Power Supply Units

PC Power Supply Units – a guide on selection

I’ve been building desktop computers since I was a kid. It’s fun to select components, do the research and the thrill of turning the computer on for the first time, installing Windows (or your favourite Linux distribution) and then setting about to customising it properly. While we all enjoy fiddling with the exciting components, a lot of people tend to forget or skimp on something really important: their power supply units.


But it’s important not to neglect the part of your computer that controls all of the electricity in your computer. You want to make sure that whatever you are putting in there is reliable and isn’t going to damage your precious, and most likely expensive components.


Know your component requirements

It’s really important from the start to know how much power your computer will consume at maximum operation. Thankfully, there are free online tools to help you out in this task. One of the better ones is the calculator provided by Cooler Master, though you’ll end up getting a recommendation for one of their power supply units as a result. Another tool, which is newer and also includes factors such as aging of components, is by OuterVision.



Both of these tools allow you to select the kind of components you plan on putting in your build. You can even include things like LED lights, case fans and liquid cooling systems. They will then give you a total wattage requirement for your system. The Outervision version also gives you a recommendation on a UPS should you plan on leaving the PC on the majority of the time.


Now that you know the maximum power of your computer system, it’s time to actually choose a power supply unit. This is where it gets tricky, because of all the brands, ratings and marketing. Here, I’ll hopefully be able to dispel some of the hype and myths.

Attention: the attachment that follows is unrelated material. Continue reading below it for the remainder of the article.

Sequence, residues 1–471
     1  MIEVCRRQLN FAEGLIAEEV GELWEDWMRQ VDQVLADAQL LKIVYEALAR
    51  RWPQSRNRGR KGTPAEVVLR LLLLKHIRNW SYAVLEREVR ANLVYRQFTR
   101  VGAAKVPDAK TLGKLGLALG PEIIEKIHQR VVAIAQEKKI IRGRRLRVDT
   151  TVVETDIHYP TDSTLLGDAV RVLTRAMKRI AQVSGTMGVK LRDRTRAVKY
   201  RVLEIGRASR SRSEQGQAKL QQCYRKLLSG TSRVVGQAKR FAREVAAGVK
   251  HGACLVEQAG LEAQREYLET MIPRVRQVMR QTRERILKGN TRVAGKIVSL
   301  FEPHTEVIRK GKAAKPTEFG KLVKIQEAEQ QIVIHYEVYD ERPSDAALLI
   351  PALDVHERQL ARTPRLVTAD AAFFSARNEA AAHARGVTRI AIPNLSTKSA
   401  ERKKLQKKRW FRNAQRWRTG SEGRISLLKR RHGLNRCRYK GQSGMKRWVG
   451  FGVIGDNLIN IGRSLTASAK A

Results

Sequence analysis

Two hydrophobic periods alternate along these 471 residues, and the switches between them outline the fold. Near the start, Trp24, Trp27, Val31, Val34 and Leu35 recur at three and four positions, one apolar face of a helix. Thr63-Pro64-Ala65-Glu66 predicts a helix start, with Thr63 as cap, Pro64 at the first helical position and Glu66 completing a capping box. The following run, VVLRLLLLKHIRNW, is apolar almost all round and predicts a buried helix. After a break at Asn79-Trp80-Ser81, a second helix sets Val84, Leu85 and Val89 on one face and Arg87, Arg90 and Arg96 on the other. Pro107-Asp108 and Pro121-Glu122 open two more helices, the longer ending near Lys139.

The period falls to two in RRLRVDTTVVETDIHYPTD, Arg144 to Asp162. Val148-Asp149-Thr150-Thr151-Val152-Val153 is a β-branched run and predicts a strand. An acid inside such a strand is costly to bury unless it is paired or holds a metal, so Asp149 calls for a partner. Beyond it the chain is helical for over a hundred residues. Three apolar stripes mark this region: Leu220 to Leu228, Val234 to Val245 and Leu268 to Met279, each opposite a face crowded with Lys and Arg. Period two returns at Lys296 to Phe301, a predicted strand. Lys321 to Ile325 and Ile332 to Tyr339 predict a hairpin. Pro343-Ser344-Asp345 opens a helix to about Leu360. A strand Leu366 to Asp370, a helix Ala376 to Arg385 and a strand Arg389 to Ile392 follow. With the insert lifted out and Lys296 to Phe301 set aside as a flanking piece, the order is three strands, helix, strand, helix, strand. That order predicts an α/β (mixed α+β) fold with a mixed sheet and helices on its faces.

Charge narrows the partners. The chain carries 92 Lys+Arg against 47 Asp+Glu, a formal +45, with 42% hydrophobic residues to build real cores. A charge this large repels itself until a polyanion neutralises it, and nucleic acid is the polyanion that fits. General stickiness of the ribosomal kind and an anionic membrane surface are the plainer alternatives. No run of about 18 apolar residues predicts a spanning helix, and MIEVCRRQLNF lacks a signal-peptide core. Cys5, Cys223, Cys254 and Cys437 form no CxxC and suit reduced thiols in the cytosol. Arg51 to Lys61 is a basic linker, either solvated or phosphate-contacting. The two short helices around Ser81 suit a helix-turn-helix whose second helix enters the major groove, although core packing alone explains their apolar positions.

Power supply units – Wattage

If you’ve gone in search of power supply units, you’ve probably seen the variety of brands, power wattages and other kinds of ratings. First thing is first. There are a myriad of reputable, high quality companies that make power supplies. Many of them also make other things for desktop PC enthusiasts, like cases, graphics cards and memory. These companies all trade on their reputations, and a purchase from them should be reasonably safe.



There are a few things to remember though. Just because your maximum power usage says 450W, doesn’t mean you should get 450W power supply units. While the unit in question will be able to provide your components with 450W of power, having something sensitive such as electronic equipment operating at the edge of its capability is risky.


Instead, always pick a power supply unit that has a maximum supply wattage above what you actually need. First, it eliminates the risk of you frying components. Second, you might want to add something later on, like hard drives or more memory. Headroom is really useful in these cases, for obvious reasons.


Power supply units – Ratings

The other thing you need to consider is the “rating” of the power supply. If you’ve been browsing the available products at online stores like Newegg or Amazon, you’ll notice many have an “80 Plus” rating. This relates to the efficiency of the power supply units in question. Now you may ask what I’m talking about. The short answer is that nothing is ever 100 percent efficient, and power supply units are no different.



When your computer is on, the power supply unit will pull power from the wall to satisfy the amount required at any moment in time. However, what your computer components receive is always less than what the power supply is drawing from the plug. That’s because the components and conversion between voltages and current are never perfect. Your power supply unit generates heat when doing its job.


The “80 Plus” rating is guaranteeing that your power supply unit converts at least 80 percent of the power it draws from the wall to power used by your computer at specific loads (20 percent, 50 percent and 100 percent). There are six levels of certification, and information can be found about them here.


In conclusion

I hope this gives you some idea about power supplies and how to choose one for your computer. I just want to point out that there’s no perfect power supply. As long as it meets your budget, power requirements and your efficiency requirements (if you care), then that’s more than fine.

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